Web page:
25 Fun Facts about Sleep
Posted on March 17 2017
WORLD SLEEP DAY 2017
This year's World Sleep Day is held on Friday, March 17th
World Sleep Day is an awareness activity of World Sleep Society, which aims to advance knowledge about sleep, circadian rhythms, sleep health, and sleep disorders worldwide, especially in those parts of the world where this knowledge has not advanced sufficiently.
Every year, many different activities are held around the world to spread the word and increase the awareness of sleeping health.
To celebrate this year's World Sleep Day, LANGRIA has compiled for you 25 random, funny facts about sleep:
1. The man is the only mammal that willingly delays sleep.
2. While you sleep, your brain filters out noises that might wake you up if it doesn't think you are in danger.
3. In general, exercising regularly makes it easier to fall asleep and contributes to sounder sleep. However, exercising sporadically or right before going to bed will make falling asleep more difficult.
4. Sleeping at work is not such a big problem in Japan. Some companies may accept it as a sign of exhaustion from overwork.
5. Parents of newborns miss out an average of 6 months worth of sleep in the first 2 years of their baby's life.
6. We naturally feel tired at two different times of the day: about 2:00 AM and 2:00 PM. It is this natural dip in alertness that is primarily responsible for the post-lunch dip.
7. Newborns sleep a total of 14 to 17 hours a day on an irregular schedule with periods of one to three hours spent awake.
8. When infants are put to bed drowsy but not asleep, they are more likely to become "self- soothers," which enables them to fall asleep independently at bedtime and put themselves back to sleep during the night.
9. Scientists still don't know — and probably never will — if animals dream during REM sleep, as humans do.
10. One of the primary causes of excessive sleepiness among Americans is self-imposed sleep deprivation.
11. People who don’t get enough sleep are more likely to have bigger appetites due to the fact that their leptin levels (leptin is an appetite-regulating hormone) fall, promoting appetite increase.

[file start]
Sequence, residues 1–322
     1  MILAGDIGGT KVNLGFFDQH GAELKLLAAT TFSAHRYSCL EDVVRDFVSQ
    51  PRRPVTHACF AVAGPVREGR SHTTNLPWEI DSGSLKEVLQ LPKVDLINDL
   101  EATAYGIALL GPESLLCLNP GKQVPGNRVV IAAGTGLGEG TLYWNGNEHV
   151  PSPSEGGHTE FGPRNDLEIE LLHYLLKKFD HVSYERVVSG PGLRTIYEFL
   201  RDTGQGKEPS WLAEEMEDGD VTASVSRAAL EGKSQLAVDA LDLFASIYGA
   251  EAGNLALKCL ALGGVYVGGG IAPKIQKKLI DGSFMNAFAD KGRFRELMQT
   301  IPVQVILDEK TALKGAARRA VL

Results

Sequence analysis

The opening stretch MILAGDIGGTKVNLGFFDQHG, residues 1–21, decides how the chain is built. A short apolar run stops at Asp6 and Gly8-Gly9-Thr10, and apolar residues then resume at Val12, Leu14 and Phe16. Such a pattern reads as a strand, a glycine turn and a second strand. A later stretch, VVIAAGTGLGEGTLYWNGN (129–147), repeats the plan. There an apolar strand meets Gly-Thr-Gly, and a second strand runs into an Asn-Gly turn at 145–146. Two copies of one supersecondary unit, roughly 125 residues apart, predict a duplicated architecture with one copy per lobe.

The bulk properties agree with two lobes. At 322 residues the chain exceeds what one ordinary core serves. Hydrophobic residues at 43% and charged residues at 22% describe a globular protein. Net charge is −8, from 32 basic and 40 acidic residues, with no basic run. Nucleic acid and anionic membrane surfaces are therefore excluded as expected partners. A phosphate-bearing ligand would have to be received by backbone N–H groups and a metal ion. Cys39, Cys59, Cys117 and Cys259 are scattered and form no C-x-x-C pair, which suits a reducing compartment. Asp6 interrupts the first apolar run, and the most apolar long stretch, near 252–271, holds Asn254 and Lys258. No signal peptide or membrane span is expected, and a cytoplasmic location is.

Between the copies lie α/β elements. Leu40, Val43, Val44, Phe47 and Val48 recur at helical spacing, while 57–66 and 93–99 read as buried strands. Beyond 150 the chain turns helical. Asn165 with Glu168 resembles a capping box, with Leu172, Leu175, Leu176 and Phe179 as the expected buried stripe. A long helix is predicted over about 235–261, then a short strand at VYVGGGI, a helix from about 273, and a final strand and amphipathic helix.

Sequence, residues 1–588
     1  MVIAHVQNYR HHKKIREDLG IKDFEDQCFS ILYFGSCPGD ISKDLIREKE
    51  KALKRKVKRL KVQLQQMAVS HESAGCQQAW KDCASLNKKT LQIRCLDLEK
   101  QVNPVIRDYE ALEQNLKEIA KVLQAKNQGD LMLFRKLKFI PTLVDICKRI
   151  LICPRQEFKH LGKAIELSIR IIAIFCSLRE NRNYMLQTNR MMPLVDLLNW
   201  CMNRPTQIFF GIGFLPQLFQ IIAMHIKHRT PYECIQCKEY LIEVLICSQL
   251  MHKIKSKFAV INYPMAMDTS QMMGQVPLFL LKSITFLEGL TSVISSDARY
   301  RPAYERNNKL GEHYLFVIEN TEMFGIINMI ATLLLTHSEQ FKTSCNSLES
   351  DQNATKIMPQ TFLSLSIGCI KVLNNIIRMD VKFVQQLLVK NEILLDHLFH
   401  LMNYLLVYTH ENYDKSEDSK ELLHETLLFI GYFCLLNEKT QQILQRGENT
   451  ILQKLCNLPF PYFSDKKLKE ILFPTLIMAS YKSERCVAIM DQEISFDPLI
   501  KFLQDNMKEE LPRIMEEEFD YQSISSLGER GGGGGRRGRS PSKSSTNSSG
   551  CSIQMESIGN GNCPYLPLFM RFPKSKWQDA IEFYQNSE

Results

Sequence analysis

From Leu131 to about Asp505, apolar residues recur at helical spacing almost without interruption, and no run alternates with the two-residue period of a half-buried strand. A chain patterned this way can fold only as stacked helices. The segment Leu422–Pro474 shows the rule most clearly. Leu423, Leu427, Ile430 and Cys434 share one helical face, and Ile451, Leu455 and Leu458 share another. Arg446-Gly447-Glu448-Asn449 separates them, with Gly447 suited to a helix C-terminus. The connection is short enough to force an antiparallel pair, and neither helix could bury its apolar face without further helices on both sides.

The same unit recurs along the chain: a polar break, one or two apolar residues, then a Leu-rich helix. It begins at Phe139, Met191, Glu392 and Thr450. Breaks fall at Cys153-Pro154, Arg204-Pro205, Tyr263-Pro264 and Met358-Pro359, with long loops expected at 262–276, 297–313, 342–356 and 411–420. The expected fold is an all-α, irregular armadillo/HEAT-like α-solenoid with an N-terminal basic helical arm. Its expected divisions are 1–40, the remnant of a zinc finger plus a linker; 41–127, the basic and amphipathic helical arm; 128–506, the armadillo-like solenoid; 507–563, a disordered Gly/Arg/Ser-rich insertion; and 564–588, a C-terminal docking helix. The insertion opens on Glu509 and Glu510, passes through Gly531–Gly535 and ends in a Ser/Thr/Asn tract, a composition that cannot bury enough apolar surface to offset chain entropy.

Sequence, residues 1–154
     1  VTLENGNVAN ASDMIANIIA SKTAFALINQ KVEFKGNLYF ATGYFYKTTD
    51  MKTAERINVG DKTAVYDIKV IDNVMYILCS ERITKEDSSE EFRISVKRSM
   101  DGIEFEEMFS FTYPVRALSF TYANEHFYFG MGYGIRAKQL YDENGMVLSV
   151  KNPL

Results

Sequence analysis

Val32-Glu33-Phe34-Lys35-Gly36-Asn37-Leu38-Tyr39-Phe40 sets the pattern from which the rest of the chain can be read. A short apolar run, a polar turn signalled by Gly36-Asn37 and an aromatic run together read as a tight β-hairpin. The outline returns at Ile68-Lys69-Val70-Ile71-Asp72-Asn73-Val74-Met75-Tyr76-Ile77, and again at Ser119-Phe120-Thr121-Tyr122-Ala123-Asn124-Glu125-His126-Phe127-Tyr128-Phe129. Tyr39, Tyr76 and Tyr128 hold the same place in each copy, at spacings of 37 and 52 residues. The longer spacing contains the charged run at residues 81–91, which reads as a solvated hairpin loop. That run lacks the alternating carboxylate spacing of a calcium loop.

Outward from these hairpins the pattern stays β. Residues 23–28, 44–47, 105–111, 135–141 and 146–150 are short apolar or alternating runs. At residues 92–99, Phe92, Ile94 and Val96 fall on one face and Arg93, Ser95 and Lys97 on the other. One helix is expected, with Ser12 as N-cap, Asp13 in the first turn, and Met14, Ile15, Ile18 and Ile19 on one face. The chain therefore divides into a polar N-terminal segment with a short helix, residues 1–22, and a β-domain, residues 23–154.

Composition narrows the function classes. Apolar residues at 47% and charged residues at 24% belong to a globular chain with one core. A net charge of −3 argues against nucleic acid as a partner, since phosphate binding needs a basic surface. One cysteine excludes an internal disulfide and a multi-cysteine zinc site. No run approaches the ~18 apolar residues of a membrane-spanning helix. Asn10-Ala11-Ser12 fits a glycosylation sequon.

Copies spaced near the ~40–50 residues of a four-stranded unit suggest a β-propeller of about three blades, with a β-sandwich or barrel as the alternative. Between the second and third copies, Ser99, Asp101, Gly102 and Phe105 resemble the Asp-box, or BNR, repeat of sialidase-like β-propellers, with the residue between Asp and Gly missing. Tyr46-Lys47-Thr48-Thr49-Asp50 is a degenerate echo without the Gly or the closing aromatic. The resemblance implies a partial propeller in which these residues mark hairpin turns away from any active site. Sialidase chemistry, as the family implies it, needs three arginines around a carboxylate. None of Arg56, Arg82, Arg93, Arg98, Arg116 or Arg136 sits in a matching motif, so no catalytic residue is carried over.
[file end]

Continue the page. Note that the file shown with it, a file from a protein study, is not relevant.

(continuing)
12. 12% of people dream entirely in black and white.
13. Humans spend on average, 1/3 of their life sleeping.
14. The record for the longest period without sleep is 11 days. This was set by a Californian student named Randy Gardner in 1964. This is definitely not recommended, however, as Randy experienced extreme sleep deprivation and others have died staying awake for this long.
15. Dysania is the state of finding it hard to get out of bed in the morning.
16. The sensation of falling when half asleep is called ‘hypnic jerks’.
17. It’s thought that up to 15% of the USA population are sleepwalkers.
18. Sleep deprivation will kill you more quickly than food deprivation.
19. Sleeping on your front can aid digestion, whilst laying on your left side can apparently help reduce heartburn.
20. In general, most healthy adults need seven to nine hours of sleep a night. However, some individuals are able to function without sleepiness or drowsiness after as little as six hours of sleep. Others can’t perform at their peak unless they’ve slept ten hours.
21. Only 1/2 of a dolphin's brain goes to sleep at a time.
22. knocker-upper, was a profession in Britain and Ireland that started during and lasted well into the Industrial Revolution when alarm clocks were neither cheap nor reliable, and to as late as the beginning of the 1950s.
23. Some Tibetan monks sleep upright.
24. Paul Kern, was a Hungarian who didn’t sleep for 40 years after suffering a head injury in World War I (though he did rest for two hours daily with his eyes closed).
25. The higher the altitude, the greater the sleep disruption. Generally, sleep disturbance becomes greater at altitudes of 13,200 feet or more. The disturbance is thought to be caused by diminished oxygen levels and accompanying changes in respiration. Most people adjust to new altitudes in approximately two to three weeks.
What do you think of these facts? Did you know about them?
Facts Source: sleepfoundation.org